Another type of monitoring is “Holter” monitoring. Holter monitoring is directed to constant recording and storage of ECG data from a patient. The quality and amount of ECG data recorded and stored varies based on quality requirements and memory storage limitations. Another cardiac monitoring technology is mobile cardiac telemetry. Mobile cardiac telemetry cardiac monitors may be configured to perform various types of event monitoring as well as constant storage of ECG similar to a holter monitor. In some embodiments, mobile cardiac telemetry monitors operate using auto-push technology that is configured to automatically transmit collected data to a monitoring center. A patient generally carries a cardiac monitor during a testing period, which can last for several days or up to, for example, 30 days.

An embodiment of the invention text, as shown and described by the various figures and accompanying text, provides a retractable multi-use cardiac monitor.

FIG. 1 illustrates an example of a cardiac monitor system. Referring to FIG. 1, a cardiac monitor system 100 may include a base unit 105 (the cardiac monitor of the illustrated system of FIG. 1), and a retractable multi-use cardiac monitor 110. The retractable multi-use cardiac monitor 110 may include a processor and a memory. The processor may be a microcontroller or a microprocessor. The memory may be a RAM, EEPROM, FLASH, or any other suitable volatile or non-volatile storage medium or device. The base unit 105 may include a base connector 120 and a body 107 that may house the electrical components and may include a user interface. The retractable multi-use cardiac monitor 110 may collect ECG data from a patient and may provide that data to the base unit 105 through wireless communication by a wireless radio. In some embodiments, the retractable multi-use cardiac monitor 110 may store the collected ECG data in a memory of the retractable multi-use cardiac monitor 110 prior to transmission. The wireless communication between the retractable multi-use cardiac monitor 110 and the base unit 105 may be accomplished using any one of a variety of different wireless technologies including, for example, and without limitation, 900 Mhz radio, Bluetooth, IEEE 802.11 (Wi-Fi), WLAN, Personal Area Network, TransferJet, Ultra-wideband (UWB), IrDA, RFID, Wireless USB, Near Field Communication, or ZigBee. In an alternative embodiment, the communication between the retractable multi-use cardiac monitor 110 and the base unit 105 may be wired.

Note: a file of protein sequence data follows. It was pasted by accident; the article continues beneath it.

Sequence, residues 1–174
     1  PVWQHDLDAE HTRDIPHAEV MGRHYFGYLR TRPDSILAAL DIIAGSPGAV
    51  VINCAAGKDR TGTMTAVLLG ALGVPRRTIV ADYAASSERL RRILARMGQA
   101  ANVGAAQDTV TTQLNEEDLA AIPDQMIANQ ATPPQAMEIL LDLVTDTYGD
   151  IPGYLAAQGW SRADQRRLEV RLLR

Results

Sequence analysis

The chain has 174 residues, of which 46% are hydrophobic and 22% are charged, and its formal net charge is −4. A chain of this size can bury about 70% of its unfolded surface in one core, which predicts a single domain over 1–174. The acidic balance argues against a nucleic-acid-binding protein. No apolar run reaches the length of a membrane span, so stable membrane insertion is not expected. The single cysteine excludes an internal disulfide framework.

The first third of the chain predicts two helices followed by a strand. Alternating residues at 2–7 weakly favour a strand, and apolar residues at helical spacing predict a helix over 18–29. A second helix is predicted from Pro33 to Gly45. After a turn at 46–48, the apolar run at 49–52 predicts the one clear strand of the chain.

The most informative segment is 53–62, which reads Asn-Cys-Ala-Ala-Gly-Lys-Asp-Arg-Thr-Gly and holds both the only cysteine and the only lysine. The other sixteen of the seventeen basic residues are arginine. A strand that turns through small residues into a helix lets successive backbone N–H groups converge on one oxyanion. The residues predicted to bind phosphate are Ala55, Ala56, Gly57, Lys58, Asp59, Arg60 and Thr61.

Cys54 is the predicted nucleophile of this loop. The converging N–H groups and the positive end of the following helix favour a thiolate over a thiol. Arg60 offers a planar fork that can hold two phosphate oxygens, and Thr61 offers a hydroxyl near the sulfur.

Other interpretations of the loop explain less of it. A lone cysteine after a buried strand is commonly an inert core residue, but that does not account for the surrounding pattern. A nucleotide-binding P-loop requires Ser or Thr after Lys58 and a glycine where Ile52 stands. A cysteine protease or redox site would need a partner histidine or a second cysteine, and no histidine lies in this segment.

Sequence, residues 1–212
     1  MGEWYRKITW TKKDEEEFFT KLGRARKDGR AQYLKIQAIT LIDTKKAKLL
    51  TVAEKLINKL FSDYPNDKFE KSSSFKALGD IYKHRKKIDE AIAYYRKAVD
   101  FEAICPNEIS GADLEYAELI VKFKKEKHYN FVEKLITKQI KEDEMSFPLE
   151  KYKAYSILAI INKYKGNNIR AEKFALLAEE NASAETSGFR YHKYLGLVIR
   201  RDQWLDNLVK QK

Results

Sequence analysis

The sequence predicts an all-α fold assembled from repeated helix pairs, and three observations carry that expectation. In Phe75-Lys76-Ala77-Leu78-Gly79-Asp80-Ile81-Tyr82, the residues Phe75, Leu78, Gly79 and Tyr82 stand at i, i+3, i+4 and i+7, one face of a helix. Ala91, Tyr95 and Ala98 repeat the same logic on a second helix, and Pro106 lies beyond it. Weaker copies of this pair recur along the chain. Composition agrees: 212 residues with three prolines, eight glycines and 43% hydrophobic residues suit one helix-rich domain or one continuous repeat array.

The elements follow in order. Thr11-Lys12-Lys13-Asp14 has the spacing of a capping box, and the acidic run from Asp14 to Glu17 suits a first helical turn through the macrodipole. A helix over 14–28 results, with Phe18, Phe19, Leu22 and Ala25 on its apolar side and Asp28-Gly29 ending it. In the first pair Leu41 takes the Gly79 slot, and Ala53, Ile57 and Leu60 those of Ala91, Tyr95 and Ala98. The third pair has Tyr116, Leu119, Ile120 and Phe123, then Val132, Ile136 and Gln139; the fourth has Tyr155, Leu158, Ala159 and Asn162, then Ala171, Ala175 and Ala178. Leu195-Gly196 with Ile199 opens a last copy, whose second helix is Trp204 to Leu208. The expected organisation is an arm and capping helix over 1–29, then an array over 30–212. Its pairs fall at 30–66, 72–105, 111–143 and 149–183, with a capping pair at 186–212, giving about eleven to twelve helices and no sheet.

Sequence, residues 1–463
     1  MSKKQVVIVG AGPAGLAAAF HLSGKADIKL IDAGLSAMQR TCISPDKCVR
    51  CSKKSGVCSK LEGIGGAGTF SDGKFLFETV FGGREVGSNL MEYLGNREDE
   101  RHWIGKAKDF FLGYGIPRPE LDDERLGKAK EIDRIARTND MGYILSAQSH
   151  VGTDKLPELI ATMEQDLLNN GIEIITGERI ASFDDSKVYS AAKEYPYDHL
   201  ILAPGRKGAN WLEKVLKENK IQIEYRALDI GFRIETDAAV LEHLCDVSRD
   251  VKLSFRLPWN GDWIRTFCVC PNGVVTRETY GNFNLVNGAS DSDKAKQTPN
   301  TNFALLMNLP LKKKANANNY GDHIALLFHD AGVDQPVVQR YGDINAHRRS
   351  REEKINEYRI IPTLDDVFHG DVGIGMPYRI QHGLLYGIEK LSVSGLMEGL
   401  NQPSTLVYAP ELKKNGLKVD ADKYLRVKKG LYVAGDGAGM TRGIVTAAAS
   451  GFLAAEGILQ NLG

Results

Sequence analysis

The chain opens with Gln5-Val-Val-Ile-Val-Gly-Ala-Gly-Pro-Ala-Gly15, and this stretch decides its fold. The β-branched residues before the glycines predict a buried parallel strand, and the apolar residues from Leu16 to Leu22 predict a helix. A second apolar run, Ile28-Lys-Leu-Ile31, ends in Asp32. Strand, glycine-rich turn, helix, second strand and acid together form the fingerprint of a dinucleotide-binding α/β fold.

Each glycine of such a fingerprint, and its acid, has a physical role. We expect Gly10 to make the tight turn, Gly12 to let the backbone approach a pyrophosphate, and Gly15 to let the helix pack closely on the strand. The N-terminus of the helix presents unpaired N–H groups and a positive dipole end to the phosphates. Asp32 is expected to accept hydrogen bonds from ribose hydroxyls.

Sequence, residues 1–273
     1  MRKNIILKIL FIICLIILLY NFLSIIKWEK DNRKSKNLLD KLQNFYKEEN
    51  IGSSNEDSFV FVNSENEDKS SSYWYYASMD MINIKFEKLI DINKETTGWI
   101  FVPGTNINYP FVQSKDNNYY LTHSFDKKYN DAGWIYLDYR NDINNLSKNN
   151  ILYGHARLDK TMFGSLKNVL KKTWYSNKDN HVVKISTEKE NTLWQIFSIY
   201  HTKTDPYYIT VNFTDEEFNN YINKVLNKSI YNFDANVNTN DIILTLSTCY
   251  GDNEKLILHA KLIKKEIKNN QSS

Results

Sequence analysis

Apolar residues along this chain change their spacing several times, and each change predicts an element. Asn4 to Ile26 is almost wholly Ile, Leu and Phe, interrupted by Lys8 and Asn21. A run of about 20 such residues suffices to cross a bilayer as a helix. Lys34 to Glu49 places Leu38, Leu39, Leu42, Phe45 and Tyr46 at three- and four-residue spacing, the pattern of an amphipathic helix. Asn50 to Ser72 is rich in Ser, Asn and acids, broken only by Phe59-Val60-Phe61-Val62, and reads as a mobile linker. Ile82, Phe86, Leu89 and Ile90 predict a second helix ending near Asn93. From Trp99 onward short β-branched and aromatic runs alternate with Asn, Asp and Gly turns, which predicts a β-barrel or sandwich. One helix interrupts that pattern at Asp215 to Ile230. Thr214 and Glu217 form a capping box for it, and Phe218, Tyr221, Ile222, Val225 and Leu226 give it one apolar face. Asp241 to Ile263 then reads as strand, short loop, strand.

Further, in some embodiments the retractable multi-use cardiac monitor 110 may be powered by a battery, while in other embodiments the retractable multi-use cardiac monitor 110 may be powered by a wired connection to base unit 105. In yet further embodiments, the retractable multi-use cardiac monitor 110 may collect other biological data, such as temperature, and may provide such data to base unit 105 by a wireless radio or through a wired connection, as discussed above, which may be further transmitted as discussed in reference to FIG. 2C or viewed by a health care professional as discussed below.